Peacock continues: "I have 11 pages of notes that I continue to share with our management team. That alone should tell you the value of attending the event."

    So how did wholesalers and manufacturers fare at S3? "It was interesting to witness the change in focus that occurred from the retail perspective at NGA in just one year," says Joe Himmelheber, director of merchandising for Indianapolis-based Caito Foods. "Last year it seemed that most seminars were geared toward the onslaught of supercenters. This year, in a more positive approach, a significant number of the presentations dealt with healthy lifestyles and how successful retailers must gear their marketing to address consumer lifestyle needs."

    Especially helpful, Himmelheber notes, were the presentations addressing ethnic marketing. "Although fresh fruits and vegetables are the foundation to success in this area, it's vital to understand what other store departments, particularly meat, bakery, and deli, need to accomplish to maximize ethnic sales."

    For his part, McCormick & Co.'s Anthony Tuccillo, v.p. of national accounts and trade relations, says the investment in attending the NGA event was well worth it. "Independents are a big part of our business," Tuccillo says. "By exhibiting at the show, we gain direct one-to-one access to decision-makers."

    Raising the bar

    Through his participation in NGA, Tuccillo says the trade association helps him "stay on top of the real challenges facing our industry, such as out-of-channel competition, rising health care costs, employee retention, consumer lifestyle changes, and others. Plus it provides a venue for McCormick to show our ongoing appreciation to retailers. Each year we sponsor the NGA board luncheon and host a dinner party for our customers. We view NGA as an opportunity to develop new relationships and maintain those that have helped us become a market leader."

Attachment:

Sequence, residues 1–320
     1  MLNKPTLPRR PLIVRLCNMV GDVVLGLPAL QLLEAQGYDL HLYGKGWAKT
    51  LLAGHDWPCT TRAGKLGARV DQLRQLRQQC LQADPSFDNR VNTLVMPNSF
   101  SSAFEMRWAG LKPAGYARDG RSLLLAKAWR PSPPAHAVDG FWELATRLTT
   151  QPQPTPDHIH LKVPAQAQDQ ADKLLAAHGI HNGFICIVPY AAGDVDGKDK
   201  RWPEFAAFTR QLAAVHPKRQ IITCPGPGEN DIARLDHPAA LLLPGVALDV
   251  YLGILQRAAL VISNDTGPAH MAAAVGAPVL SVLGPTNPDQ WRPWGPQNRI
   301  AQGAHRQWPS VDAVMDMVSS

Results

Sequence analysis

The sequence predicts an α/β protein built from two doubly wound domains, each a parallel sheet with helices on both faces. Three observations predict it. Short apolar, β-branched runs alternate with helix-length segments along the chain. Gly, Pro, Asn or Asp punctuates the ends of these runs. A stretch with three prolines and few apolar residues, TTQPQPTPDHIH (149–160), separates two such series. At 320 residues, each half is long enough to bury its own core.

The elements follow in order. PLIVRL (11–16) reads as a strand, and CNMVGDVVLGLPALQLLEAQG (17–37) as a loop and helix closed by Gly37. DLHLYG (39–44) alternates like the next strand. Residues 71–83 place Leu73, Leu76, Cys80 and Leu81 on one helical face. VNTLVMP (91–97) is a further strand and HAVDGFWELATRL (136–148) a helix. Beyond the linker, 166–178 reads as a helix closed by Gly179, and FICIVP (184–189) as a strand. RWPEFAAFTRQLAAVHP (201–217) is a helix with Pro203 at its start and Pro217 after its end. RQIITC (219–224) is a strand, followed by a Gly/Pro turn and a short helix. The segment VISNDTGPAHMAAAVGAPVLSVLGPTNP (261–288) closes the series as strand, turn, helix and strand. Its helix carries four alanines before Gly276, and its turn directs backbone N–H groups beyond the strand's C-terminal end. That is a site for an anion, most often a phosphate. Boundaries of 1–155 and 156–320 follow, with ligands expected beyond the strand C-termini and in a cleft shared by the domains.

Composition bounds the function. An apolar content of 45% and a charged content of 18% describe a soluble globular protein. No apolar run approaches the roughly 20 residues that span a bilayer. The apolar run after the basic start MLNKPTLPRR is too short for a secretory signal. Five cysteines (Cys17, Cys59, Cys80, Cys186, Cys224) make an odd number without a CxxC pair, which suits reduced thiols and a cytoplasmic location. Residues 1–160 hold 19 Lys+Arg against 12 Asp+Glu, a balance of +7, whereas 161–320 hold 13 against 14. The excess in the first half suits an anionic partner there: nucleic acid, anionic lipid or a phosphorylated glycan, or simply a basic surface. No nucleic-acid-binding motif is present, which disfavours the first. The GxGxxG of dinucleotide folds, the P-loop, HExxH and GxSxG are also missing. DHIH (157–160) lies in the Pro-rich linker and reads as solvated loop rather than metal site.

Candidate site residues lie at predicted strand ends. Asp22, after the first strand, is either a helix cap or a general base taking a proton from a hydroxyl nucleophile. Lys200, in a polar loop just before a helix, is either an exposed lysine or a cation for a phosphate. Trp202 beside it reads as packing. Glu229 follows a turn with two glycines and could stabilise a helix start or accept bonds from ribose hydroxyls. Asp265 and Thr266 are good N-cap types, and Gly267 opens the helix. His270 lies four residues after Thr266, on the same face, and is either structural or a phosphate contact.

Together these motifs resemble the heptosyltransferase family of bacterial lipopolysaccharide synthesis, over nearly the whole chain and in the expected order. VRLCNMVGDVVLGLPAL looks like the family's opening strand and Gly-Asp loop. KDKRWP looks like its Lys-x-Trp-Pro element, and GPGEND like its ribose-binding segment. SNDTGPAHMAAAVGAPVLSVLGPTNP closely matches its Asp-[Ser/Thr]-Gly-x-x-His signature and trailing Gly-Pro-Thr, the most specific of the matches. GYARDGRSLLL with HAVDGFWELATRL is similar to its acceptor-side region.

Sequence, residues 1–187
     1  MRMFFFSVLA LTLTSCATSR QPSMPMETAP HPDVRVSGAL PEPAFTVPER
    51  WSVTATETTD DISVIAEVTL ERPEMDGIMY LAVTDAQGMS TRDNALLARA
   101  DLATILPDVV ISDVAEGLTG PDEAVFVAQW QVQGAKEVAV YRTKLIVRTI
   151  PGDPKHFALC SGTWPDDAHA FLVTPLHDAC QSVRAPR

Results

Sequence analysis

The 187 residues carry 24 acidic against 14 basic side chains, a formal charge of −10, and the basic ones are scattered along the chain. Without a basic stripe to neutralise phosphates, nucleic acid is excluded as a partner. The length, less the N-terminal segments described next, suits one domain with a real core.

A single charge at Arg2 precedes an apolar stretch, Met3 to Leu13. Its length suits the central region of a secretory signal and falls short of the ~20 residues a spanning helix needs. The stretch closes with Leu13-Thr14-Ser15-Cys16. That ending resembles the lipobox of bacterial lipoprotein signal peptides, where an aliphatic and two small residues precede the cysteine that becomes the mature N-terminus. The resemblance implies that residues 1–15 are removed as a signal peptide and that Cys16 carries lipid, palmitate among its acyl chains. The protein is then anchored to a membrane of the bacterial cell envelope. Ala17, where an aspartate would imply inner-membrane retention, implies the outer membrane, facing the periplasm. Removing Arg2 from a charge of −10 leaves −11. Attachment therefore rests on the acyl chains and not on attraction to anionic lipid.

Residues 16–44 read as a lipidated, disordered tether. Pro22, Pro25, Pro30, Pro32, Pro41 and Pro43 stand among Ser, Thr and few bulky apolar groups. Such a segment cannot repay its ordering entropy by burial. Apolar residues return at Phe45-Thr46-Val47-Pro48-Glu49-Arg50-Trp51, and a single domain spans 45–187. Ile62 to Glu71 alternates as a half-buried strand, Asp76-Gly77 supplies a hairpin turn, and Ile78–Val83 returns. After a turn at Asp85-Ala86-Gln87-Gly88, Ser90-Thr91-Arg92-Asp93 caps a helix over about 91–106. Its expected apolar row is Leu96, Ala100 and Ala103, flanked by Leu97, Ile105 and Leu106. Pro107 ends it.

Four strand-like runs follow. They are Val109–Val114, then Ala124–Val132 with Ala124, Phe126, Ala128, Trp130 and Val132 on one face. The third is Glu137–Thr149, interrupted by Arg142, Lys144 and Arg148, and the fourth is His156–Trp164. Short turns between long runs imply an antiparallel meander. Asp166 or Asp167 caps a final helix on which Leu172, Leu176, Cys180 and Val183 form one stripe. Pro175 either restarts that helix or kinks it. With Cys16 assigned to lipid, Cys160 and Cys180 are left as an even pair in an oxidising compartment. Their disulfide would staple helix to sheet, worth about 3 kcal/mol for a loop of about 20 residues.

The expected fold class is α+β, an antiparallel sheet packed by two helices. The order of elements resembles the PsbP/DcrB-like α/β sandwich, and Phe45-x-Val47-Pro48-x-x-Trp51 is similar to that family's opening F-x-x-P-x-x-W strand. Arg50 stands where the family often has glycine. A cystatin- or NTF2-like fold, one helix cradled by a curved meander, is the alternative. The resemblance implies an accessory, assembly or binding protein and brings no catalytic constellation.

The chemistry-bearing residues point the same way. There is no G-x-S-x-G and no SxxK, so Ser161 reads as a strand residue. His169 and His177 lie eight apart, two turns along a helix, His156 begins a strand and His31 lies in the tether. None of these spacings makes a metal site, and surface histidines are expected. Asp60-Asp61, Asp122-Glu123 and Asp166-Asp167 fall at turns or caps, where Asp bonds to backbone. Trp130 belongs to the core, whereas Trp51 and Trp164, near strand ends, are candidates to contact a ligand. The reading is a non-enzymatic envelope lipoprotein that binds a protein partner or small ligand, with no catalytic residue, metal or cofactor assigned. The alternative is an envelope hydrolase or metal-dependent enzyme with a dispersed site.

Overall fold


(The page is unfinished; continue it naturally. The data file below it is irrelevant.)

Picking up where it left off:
Based on positive reviews, NGA may find it hard to beat this year's show. But, according to DiPasquale, the group remains committed to doing just that. "We must continue to raise the bar for ourselves and for our members," he says. "We'll encourage independents to think outside the box in the areas of technology, value retailing, ethnic and urban marketing, and fresh and prepared foods. These are all areas in which community-focused retailers can create significant points of difference in their operations and determine what will take them into the next 10 years."

    Independent Retailing editor Jane Olszeski Tortola can be reached at [email protected].